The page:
Monday, February 05, 2007

The Total Photographer - The Necessary Support


I have talked a lot about being a photographer and pursuing a personal vision. There are other things that are important, that in the course of photography we have to pay attention to.

1. We have to be organised and make the process of photography and maintaining our images efficient

Perhaps it is because I am a commercial photographer, I think a lot about the process of photography. And it starts with client management and ends with delivery to the client and collection of payment. There is a paper trail over the whole process which enables me to quickly plan a shoot, manage logistics, document the technical details and fault find issues. When I first started my business, I had no business plan, no MBA. A friend's father who runs his own business told me to have a job sheet for each job. Although the job sheet has evolved from an all encompassing job overview to a financial overview now, the idea of documenting the process stuck in my mind. For a commercial job, I have
a. A job sheet to document the incomings and outgoings
b. A quote for the client to sign which forms an agreement between the client and myself
c. An equipment checklist that my assistant gets to prepare for the shoot
d. A tech log which records the equipment used and the exposures in an image. There is a diagram of the set layout so that I can reconstruct a shoot if I want to.
e. A digital log which tracks my digital images from camera to computer and all the renaming, metadata input and post processing.
f. An invoice
g. A receipt of what is delivered to a client.

Like I said, the documents I have help me plan a shoot and then examine how the shoot was executed. Although such detail documentation is more beneficial to a commercial photographer, it would help any photographer think about a checklist of equipment and some record of how the shoot was executed. For the commercial photographer, spreadsheets for costing and the quoting a shoot and then spreadsheets for profit analysis is useful for understanding how your photographic business runs.

I have recently blogged about Iview Media Pro. And now I also believe that managing your photographs as assests, will enable the photographer to 1. gain financial leverage from the archives and 2. review and learn from one's past work. This also takes some thought and organisation. How are images, both digital and film, stored. How are the images named and what metadata do they carry? What program for cataloging is suitable for your needs. For a larger company of commercial photographers, Iview Media may not have the networking muscle but it is overkill for an amateur photographer who mainly takes holiday snaps.

Once the organisation is done and past photographs are easily accessible, one can easily find images for sale to individuals or stock. One can also group images for tailored portfolios or for creating an exhibition. Doing this with files of negatives or a hard drive of un-organised images is unproductive.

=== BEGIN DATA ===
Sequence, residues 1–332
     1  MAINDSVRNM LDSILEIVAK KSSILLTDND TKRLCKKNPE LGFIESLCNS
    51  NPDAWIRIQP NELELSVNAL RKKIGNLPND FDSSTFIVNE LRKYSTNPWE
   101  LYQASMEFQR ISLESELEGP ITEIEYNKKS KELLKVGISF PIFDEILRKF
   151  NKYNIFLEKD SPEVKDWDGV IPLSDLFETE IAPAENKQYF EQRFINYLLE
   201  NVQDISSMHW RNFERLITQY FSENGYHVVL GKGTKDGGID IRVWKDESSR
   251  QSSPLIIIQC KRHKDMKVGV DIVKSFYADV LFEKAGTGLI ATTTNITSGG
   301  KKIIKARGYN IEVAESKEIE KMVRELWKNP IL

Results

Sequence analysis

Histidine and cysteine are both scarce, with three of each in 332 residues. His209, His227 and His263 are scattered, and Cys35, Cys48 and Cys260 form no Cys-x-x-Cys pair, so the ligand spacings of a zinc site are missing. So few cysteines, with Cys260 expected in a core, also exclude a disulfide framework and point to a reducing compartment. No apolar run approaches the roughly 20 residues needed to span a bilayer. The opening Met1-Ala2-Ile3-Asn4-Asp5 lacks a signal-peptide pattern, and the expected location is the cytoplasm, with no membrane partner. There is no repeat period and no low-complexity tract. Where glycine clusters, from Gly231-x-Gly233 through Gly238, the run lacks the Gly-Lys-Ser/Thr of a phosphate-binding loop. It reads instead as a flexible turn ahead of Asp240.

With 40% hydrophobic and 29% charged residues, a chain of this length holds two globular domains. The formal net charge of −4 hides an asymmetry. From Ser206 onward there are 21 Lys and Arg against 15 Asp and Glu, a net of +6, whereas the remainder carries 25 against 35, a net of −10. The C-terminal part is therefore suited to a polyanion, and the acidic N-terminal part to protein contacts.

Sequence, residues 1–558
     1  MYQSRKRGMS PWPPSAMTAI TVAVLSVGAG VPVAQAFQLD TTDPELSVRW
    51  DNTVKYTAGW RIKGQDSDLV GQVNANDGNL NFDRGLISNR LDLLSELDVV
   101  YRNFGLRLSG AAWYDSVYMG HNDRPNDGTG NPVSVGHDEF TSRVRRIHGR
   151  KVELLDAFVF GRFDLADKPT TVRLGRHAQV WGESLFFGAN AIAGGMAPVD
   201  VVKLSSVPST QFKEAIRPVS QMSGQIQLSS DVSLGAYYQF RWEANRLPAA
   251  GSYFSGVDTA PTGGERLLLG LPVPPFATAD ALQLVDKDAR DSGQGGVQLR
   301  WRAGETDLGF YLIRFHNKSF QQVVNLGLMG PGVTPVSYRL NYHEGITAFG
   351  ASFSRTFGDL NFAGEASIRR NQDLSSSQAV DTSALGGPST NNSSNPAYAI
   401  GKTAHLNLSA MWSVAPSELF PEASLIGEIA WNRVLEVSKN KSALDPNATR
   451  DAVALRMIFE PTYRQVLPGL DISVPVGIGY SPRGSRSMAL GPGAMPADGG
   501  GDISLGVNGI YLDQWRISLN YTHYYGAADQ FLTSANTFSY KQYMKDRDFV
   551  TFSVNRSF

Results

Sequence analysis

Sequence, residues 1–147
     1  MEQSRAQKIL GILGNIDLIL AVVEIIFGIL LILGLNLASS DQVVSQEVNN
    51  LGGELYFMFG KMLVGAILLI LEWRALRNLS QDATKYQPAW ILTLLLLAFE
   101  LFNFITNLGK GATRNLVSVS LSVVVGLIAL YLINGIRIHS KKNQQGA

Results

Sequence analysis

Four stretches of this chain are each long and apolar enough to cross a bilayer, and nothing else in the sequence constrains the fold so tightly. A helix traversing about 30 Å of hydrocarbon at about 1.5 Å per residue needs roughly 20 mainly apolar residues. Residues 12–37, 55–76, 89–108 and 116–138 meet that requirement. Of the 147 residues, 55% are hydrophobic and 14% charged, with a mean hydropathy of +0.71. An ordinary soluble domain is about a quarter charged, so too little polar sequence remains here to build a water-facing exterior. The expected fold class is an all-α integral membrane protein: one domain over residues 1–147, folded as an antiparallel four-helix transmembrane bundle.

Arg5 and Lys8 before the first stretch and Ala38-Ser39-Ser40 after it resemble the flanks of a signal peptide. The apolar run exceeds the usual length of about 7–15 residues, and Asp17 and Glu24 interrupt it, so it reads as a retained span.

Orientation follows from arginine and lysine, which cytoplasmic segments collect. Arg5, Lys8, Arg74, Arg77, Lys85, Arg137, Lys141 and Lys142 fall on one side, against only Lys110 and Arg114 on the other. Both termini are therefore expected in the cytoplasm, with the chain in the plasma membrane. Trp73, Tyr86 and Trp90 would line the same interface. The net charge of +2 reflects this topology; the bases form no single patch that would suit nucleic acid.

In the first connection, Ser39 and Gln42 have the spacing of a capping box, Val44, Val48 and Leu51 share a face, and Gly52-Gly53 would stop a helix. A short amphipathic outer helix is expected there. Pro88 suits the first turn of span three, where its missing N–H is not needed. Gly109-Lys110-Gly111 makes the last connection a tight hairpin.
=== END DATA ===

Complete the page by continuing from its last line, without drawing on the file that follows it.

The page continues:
2. We have to promote ourselves, find our audience and a way of reaching out to them.

Whether you are a commercial photographer or fine art photographer, whether you are a professional full time photographer or an enthusiastic amateur, we have to show our images to other people. And depending on what type of photography we do, the options open to us differ. As a commercial photographer in weddings, there are wedding portals, trade magazines and wedding shows that the wedding photographer must advertise in. A commercial photographer will need to have a portfolio to show advertising agencies, magazines and other clients. A fine art photographer, will need to organise exhibitions of work and find gallery representation. The amateur can join photographic clubs, enter competitions or join online communities like Flickr.

I think that the internet has opened up a lot of opportunities for photographers to get their work viewed. It has also made the competition much harder as we now will be competing against photographers from all over the world. In that we can present our work next to award winning American and European photographers is great. But for us to get anywhere, we have to raise our standards to those of international photographers. A real challenge but an exciting one.

3. We have to keep renewing ourselves and our work, and sometimes this means taking time off from photography. We need to live a balanced and engaged life, which will reflect back in our photography.

To me photography is a creative process. And it is a journey, not a destination. I think when we start photography, a lot of us go through a technical phase. One where we learn about the f-stops, camera capabilities and lighting equipment. And to a certain extent, it is an ongoing endeavour. But it is also so important to understand what we want to say with our images. In fact, it is important to try and say something with our images that goes beyond the mere documentation of a scene. We need to experience life, find something worthwhile to say with our images. And then we need to understand the emotional impact of our photographic practises and tailor those photographic practises to our message.

Sometimes, taking a break from photography and engaging with life, friends and family, is just as important as photography itself. What is the use of perfect technique, if it serves to say nothing.

No comments: